Stock of the Week: Reading the DNA of This Pharma Play

|March 24, 2023

It’s Readers Choice time here at Stock of the Week

Reader E.L. asked for my thoughts on a big-name pharma company that’s been on quite a ride over the past couple of years.

It’s growing earnings at a huge 76% per year… and its CROCI (cash return on capital invested) is very strong at 25%.

Very nice.

But there are a few red flags investors need to be aware of.

You may be surprised by my analysis of this one…

Get all the details – including the ticker – in my latest Stock of the Week video.

Click on the image below to watch it.



Hi everyone. Welcome to Stock of the Week. Welcome to it, Manward family.

I’m Alpesh Patel, a hedge fund manager. As you know, we run a hedge fund, a private equity firm, and now we’ve just launched a venture capital firm as well. So welcome on board during what is actually a very volatile week in the markets, as you know.

This week’s Stock of the Week is a request from one of my readers. They’ve asked me to have a look at Moderna (MRNA), which I’m more than happy to do.

For those of you who don’t know Moderna – I’d be shocked if you don’t, following COVID – it’s a biotechnology company that discovers, develops and commercializes messenger RNA therapeutics and vaccines – vaccines, I understand – for the treatment of infectious diseases, obviously, immuno-oncology, rare diseases, autoimmune and cardiovascular diseases globally.

It’s a Nasdaq company. It’s been around only for the last 13 years, and it’s become profitable over the past five years, growing earnings at 76% per annum.

So a rapid, rapid growth in this company.

Well, what do the financials look like? On my proprietary Growth-Value-Income rating, it only rates at a 4.

Now, remember, this is a proprietary algorithm that I’ve created which assesses every single stock out there based on its valuation, so its share price relative to its profitability; its growth, such as revenue growth; its cash flows; and its dividend yields. And it weighs those individual factors of growth, value and income based on academic research which has been published.

This comes out a 4, which is below my minimum requirement of a 7, I’m afraid. So it wouldn’t meet it on those criteria.

However, its cash return on capital invested (CROCI) is very high. It’s at 24.8%. Now, remember, CROCI is a formula invented by Deutsche Bank Wealth Management. It’s used by Goldman Sachs Wealth Management for its wealthiest clients. And if you want to know the importance of CROCI, have a look at the links below.

But this company does meet the minimum CROCI requirements, and that’s good. It’s very good for the company.

The stock is up over the past six months, and the Sortino is good, which is a measure of reward, the average reward to the average volatility, or risk, of missing that reward. So that’s good.

Volatility, however, is 78%. That’s too high for me. And of course, that’s impacted not by the recent past but the longer-term past. And so you might say, “Well, recently it’s not been so volatile.” Nevertheless, it doesn’t quite meet our criteria.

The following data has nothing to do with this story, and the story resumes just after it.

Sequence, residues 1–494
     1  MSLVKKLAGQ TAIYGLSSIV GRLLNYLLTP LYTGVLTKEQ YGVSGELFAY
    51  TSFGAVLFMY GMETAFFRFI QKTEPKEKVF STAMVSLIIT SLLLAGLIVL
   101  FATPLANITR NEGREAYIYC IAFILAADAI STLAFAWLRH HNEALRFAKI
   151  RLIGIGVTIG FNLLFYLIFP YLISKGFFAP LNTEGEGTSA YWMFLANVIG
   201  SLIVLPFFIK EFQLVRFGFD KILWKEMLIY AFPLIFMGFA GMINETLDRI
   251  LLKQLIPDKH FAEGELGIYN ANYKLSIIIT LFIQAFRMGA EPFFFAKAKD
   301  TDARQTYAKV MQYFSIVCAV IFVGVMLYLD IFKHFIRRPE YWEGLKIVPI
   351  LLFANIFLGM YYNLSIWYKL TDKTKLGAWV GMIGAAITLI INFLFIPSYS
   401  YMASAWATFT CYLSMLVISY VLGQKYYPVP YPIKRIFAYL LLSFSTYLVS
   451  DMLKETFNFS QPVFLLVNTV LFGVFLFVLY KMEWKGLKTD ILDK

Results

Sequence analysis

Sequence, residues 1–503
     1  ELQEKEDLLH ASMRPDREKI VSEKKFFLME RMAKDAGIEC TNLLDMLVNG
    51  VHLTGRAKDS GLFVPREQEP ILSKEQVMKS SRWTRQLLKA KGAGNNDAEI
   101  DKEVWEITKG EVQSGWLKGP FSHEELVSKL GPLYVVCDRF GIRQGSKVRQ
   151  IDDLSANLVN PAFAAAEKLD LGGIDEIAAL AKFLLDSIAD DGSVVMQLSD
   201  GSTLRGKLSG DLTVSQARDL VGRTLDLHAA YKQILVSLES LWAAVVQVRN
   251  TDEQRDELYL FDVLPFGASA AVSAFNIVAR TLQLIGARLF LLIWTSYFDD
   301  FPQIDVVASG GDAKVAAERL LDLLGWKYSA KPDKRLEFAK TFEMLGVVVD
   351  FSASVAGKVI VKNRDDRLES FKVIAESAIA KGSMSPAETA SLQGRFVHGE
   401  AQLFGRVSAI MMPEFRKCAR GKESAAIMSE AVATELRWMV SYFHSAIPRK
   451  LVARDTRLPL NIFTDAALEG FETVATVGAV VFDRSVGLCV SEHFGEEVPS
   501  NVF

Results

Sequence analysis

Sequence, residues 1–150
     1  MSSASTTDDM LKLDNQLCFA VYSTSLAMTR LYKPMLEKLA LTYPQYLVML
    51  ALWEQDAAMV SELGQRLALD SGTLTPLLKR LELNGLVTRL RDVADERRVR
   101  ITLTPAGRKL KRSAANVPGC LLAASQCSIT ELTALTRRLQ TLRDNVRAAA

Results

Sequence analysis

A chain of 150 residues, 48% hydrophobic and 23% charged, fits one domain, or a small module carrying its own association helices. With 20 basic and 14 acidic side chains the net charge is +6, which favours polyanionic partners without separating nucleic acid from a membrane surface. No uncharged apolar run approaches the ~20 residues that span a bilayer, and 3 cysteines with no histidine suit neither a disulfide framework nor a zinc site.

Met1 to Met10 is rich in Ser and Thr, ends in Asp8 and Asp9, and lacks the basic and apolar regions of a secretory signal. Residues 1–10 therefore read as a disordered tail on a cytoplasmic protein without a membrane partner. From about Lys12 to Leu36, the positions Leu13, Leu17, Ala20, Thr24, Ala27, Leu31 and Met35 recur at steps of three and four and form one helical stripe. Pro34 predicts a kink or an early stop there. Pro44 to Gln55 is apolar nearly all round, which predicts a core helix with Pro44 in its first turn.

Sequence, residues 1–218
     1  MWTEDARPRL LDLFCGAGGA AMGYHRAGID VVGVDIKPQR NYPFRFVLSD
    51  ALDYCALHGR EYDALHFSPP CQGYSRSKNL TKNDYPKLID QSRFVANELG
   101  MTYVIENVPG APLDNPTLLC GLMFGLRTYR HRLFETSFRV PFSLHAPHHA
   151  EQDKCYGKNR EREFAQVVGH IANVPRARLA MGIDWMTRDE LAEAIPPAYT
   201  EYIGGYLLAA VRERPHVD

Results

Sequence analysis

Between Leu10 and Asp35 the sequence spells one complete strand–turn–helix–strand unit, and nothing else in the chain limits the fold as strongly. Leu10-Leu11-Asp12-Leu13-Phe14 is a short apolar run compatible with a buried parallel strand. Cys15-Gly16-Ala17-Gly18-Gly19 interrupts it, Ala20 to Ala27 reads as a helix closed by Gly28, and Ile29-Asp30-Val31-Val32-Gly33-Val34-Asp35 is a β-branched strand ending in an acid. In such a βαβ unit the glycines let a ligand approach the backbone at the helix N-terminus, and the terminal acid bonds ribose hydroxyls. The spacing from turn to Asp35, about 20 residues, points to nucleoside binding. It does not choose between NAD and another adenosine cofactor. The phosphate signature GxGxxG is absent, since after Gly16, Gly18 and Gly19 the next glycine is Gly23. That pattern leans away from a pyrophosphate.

The alpha, or the ability to outperform the market, is too low as well, I’m afraid.

So let’s look at some of these figures.

Well, in terms of quality, return on equity is strong, return on capital employed is strong and CROCI, as I mentioned, is strong.

Turnover’s been strong. Borrowing’s been rising a little bit quickly, but it’s nothing that I’m particularly worried about.

Profit fell off a little bit. Again, nothing I’m too worried about there.

Forecast growth is substantially lower on turnover. Now, it could be partly because so much growth happened during COVID and immediately after COVID that you can hardly expect it to continue on that.

Just looking at the stock price, it has pretty much been going sideways for two years now, more than two years. So from January 2021 to 2022 and 2023, it’s gone nowhere.

I can imagine that’s why the reader was a little bit concerned. Maybe they got a bit excited when it did move up before giving all its gains up again. So that’s a bit of a… well, it can be both a negative and a positive. Sometimes companies just need time before they resume their upward trend.

So if you’re holding on to it, you may well stay patient with it because it is undervalued on a discounted cash flow basis. It’s about 55% undervalued on a discounted cashflow basis. So there are reasons for staying with it in that case. And it’s, as I say, a good value.

The volatility is what’s of concern. If you look at the return histograms of this company, it tends to have a very wide range of probabilities on which it could move. And that means it could be down over 250 days as much as 75% – not likely, but potentially. That’s just a reflection of the volatility of the company.

Now, if it continues going sideways, then volatility is less of a concern because clearly, self-evidently, it is not as volatile as it was in months past.

Okay, so you might say, “I’m willing to take volatility on the chin, willing to take some of the other factors because of the discounted cash flow.”

But overall, you might wait and say, if you already hold it, you may well continue holding it. If you don’t hold it, you’re probably going to look at my other Stocks of the Week, which tend to beat it on different criteria.

Thank you very much. I hope you enjoyed that and it gave you a good flavor and insight of what my GVI Investor followers get and what my hedge fund team puts across my desk in terms of the research reports, which I then add a bit of color and insight to.

Thank you all for listening.